Reject the pressure to be a superhero & be more like a Moffle instead!

M Make moments matter. Just pausing now & then for a few deep breaths & observing your thoughts, feelings & body can develop your self-awareness.

O Offer yourself some kindness, as you would to a friend who is struggling. Self-compassion isn’t always easy, so notice this, too & take your time.

FFocus on one step at a time, as you work at self-care. Set small, achievable goals. On the days even these goals are too hard, again, try to offer yourself kindness.

FForgive yourself when you mess up. Conflict is an inevitable part of family life. Focus on repair & show your child that you’re invested in reconnecting with them.

LLook for the sparkling moments & celebrate small successes. Try to hold them in your heart. They can help to lighten the hard times.

EEmpathise with yourself, not only your child. Empathy grows when we’re curious about our thoughts & feelings, rather than rushing to judge ourselves.

SSlow down. Whenever you can. We rarely need to respond immediately to anything. Go back to ‘M’ & make moments matter.

Woven Moffle

Here’s a cardboard Moffle with a woven body of coloured beads & threads.  Different colours to represent different feelings. Children can sometimes find it easier to talk about their thoughts & feelings when they’re focused on arts &crafts. Weaving is an idea for helping to occupy little fingers that like to fiddle! I might playfully ask children I’m working with, ‘What do you think your hands might need right now to help your ears to listen, as we talk together?’ A fiddle toy or activity of some description can often help.  Have fun!

Love Beam

Children with relational trauma find it very hard to trust that we will care for them, nurture them & guide them. They’ve been hurt deeply in the past by adults who should have protected them. They close their hearts to relationships, to avoid the risk of more pain.

Unresolved trauma creates a sense of loneliness & isolation. Imagine never experiencing the warmth of social connection, or the confidence that someone is holding you in mind & truly accepts you just as you are.

These are the children who need us the most. Who need us to look beyond their fear & all their strategies to push us away & make us mad at them. Who need to hear we know they are hurting & understand why it’s hard for them to allow us to get close.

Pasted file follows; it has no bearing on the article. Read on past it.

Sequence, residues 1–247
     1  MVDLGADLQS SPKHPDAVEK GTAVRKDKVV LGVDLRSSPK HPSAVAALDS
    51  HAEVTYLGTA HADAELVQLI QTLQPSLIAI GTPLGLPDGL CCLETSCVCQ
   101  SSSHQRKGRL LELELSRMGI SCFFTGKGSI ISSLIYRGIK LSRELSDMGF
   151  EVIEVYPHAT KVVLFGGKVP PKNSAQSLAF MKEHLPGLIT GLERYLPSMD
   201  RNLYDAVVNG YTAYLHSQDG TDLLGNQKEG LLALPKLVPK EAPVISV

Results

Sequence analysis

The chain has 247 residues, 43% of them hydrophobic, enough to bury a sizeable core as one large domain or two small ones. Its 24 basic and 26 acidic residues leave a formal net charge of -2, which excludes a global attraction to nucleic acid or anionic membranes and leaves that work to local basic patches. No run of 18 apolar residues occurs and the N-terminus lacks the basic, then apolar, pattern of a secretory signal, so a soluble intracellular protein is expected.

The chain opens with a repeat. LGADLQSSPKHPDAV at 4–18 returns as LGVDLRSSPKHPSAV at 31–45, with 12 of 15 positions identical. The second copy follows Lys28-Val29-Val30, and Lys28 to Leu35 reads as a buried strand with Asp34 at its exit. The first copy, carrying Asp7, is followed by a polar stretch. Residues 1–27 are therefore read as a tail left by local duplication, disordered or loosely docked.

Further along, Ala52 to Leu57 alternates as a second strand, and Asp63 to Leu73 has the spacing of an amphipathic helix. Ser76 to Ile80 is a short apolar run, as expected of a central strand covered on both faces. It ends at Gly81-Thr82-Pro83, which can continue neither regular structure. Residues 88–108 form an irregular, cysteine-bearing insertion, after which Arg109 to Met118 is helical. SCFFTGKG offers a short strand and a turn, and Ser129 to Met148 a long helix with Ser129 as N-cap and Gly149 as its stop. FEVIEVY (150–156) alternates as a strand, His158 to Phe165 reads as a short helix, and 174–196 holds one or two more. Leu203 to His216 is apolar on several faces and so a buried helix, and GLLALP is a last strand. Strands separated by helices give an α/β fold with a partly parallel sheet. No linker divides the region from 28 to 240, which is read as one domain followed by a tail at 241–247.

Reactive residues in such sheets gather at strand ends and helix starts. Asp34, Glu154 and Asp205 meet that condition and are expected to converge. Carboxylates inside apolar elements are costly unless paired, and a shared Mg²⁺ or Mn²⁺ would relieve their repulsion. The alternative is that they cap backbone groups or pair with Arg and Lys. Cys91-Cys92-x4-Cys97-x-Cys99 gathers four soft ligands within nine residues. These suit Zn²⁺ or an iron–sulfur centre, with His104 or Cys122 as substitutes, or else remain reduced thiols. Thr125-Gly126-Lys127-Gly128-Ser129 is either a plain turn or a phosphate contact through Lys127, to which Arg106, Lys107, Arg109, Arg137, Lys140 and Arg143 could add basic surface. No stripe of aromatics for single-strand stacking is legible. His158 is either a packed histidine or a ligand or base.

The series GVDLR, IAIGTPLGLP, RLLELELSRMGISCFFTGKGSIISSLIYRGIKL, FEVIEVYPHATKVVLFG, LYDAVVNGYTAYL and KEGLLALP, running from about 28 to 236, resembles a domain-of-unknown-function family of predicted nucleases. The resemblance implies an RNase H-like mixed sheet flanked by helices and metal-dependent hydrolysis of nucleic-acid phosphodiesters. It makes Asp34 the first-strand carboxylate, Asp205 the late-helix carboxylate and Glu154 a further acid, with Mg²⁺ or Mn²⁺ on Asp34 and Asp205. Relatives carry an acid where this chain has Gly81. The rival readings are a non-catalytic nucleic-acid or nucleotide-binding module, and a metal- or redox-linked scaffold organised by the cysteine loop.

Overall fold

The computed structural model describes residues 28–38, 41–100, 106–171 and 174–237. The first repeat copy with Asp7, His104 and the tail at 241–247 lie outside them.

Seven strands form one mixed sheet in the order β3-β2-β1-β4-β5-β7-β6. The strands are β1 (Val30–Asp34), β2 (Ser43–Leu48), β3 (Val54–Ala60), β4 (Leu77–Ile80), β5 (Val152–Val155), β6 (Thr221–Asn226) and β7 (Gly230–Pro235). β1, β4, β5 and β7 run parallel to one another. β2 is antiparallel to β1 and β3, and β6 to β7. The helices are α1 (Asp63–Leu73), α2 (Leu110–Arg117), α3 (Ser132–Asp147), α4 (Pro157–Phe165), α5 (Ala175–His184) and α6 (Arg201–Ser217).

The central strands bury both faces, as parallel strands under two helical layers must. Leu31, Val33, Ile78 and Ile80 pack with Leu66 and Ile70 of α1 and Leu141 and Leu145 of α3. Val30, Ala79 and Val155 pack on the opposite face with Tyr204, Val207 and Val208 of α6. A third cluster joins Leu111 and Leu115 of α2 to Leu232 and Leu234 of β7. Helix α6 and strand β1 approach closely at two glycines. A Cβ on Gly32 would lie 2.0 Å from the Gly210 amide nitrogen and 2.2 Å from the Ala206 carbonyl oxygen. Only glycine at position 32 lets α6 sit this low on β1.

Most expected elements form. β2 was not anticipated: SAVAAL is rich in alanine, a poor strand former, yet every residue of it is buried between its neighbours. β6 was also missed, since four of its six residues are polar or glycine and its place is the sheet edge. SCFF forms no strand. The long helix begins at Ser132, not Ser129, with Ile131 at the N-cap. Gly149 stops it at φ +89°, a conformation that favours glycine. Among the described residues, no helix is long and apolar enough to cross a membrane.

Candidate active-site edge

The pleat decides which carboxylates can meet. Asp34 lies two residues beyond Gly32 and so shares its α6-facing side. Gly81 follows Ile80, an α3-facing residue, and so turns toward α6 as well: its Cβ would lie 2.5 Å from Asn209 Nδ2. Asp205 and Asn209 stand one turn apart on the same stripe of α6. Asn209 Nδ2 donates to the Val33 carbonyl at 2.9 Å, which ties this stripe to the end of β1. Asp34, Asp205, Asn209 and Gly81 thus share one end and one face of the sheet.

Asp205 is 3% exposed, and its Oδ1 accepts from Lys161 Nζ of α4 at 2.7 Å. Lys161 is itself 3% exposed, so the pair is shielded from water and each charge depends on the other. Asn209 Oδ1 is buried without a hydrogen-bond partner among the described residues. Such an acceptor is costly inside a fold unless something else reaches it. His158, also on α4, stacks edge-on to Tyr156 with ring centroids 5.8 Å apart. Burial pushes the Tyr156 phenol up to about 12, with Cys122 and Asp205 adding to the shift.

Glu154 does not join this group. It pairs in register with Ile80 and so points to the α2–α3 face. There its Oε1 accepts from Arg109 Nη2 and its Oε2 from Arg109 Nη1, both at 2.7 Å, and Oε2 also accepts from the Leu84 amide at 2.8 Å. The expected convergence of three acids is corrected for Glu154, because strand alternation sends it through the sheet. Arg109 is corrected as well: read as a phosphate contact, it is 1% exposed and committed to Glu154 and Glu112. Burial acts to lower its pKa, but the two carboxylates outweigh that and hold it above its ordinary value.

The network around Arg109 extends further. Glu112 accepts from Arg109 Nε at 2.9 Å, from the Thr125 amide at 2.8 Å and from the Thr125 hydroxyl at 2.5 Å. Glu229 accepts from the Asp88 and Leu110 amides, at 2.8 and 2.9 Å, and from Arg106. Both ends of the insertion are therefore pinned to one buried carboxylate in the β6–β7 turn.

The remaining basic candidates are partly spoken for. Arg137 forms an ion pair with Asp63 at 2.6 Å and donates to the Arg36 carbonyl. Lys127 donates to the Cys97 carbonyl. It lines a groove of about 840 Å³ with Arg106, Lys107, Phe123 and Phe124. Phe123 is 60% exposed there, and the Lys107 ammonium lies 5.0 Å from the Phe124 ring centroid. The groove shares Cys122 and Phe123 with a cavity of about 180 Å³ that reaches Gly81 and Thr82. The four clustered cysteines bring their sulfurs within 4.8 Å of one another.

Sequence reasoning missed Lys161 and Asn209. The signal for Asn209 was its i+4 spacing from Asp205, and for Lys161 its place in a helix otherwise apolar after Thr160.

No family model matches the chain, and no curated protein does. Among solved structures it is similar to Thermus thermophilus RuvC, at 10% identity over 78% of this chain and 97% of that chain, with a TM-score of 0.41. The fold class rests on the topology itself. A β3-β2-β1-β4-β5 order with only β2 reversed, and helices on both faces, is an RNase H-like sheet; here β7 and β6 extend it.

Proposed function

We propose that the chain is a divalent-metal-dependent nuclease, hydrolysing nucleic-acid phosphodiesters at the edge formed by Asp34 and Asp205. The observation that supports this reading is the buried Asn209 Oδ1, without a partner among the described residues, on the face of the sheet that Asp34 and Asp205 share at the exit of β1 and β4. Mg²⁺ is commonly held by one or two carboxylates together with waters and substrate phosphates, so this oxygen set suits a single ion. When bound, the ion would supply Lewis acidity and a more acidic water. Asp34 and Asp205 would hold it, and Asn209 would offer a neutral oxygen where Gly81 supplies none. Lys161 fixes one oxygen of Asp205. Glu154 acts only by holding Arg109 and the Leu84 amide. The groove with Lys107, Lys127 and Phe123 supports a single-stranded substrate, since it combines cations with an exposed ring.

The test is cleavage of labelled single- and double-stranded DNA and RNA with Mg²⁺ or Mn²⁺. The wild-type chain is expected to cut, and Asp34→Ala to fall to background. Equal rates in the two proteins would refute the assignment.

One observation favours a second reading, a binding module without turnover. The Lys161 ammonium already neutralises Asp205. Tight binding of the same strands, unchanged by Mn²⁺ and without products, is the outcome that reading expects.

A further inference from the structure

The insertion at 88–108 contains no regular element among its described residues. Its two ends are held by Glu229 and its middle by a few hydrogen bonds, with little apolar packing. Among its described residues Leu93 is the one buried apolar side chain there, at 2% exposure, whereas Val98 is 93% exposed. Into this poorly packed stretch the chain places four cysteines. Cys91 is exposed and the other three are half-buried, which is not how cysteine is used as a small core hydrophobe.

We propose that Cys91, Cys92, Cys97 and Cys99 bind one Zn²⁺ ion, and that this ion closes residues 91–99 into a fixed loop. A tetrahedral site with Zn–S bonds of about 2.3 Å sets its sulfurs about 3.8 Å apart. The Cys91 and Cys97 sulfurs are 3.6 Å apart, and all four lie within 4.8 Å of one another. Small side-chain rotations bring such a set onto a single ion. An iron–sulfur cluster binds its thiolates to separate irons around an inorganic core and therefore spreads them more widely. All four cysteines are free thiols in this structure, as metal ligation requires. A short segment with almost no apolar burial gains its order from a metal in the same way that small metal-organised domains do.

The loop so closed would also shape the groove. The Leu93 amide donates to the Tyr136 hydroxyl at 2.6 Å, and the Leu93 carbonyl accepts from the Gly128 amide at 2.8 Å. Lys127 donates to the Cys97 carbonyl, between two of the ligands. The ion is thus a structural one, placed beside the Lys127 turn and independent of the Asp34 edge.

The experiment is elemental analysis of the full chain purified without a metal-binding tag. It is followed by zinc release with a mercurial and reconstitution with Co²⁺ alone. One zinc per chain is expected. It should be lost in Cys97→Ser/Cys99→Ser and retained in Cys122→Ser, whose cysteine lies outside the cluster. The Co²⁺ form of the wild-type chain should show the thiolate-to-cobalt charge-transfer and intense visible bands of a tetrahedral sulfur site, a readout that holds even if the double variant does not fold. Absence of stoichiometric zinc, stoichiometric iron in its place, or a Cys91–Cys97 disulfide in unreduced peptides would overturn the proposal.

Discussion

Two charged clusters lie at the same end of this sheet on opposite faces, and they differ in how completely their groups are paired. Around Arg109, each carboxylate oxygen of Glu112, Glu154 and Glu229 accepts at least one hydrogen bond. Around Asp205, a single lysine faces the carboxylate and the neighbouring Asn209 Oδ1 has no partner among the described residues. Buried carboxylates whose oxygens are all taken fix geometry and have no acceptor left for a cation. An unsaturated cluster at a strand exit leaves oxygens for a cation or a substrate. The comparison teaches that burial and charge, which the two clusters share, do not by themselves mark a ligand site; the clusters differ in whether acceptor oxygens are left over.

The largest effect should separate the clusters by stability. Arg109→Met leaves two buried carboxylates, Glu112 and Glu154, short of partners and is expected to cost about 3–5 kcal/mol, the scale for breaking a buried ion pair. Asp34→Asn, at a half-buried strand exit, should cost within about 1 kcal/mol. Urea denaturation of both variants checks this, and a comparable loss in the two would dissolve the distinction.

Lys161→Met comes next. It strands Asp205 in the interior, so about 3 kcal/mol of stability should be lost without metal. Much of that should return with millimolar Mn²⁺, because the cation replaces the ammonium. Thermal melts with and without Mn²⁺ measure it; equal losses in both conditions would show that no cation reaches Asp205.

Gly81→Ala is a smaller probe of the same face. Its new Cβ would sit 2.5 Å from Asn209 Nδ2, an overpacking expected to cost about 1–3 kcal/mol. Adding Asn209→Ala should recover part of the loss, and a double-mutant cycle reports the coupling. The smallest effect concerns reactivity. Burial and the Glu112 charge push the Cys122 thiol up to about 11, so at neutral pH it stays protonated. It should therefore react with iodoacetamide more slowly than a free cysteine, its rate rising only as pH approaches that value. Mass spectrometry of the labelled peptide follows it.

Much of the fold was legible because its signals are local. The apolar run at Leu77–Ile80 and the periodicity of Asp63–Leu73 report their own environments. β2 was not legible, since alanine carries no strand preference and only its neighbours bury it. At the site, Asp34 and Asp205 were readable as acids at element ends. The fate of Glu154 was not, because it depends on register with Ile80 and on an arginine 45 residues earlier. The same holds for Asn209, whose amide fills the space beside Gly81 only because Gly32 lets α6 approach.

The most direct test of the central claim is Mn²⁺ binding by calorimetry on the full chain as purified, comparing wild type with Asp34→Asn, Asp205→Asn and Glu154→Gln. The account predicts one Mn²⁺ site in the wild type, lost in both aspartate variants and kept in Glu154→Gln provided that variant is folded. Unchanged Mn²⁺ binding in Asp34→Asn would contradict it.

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The Way Home for Wolf

Wilf is a wolf cub who wants to be fierce & to try everything all on his own. When his elders set out to look for a new home, Wilf finds it hard to accept that he is too small to lead. He struggles to keep up & won’t howl for help. All alone, he falls through the ice but as he spins downwards, a narwhal comes to his rescue. What feels like the end for Wilf becomes just the beginning, as he is assisted by a series of arctic animal friends to re-join his pack. The wolves cuddle him close again & Wilf has learnt he can accept support. A pacy, rhyming story that carries us safely out of the cold & darkness of solitude, into the warmth of friendship, kindness & love.

A young child can naturally show stubbornness, as they begin to explore their identity. They learn first about who they are in close relationships with their primary carers. If they experience their parent as delighting in them, celebrating their strengths & guiding them with their struggles, they develop a rounded sense of self. They feel accepted & have confidence that their vulnerability is valued as much as their independence; that all parts of themself will be honoured. A securely attached child may be wilful sometimes, but they learn that its ok to rely on others, too.

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Behaviour Support – a relational approach

A dilemma many parents & carers of children with developmental trauma have is how to deal effectively with challenging behaviour. A relational approach to answering this, emphasises the importance of behaviour support, rather than behaviour management.

A traumatised child may struggle to accept boundaries, as they perceive them as being an evaluation of their core self, rather than of their behaviour. This is very anxiety provoking for a child with deep fears of being bad & who anticipates abandonment. Discipline becomes evidence of their badness & that the adults will get rid of them. Anxiety quickly leads to dysregulation, feelings of shame, & triggering of more challenging behaviour.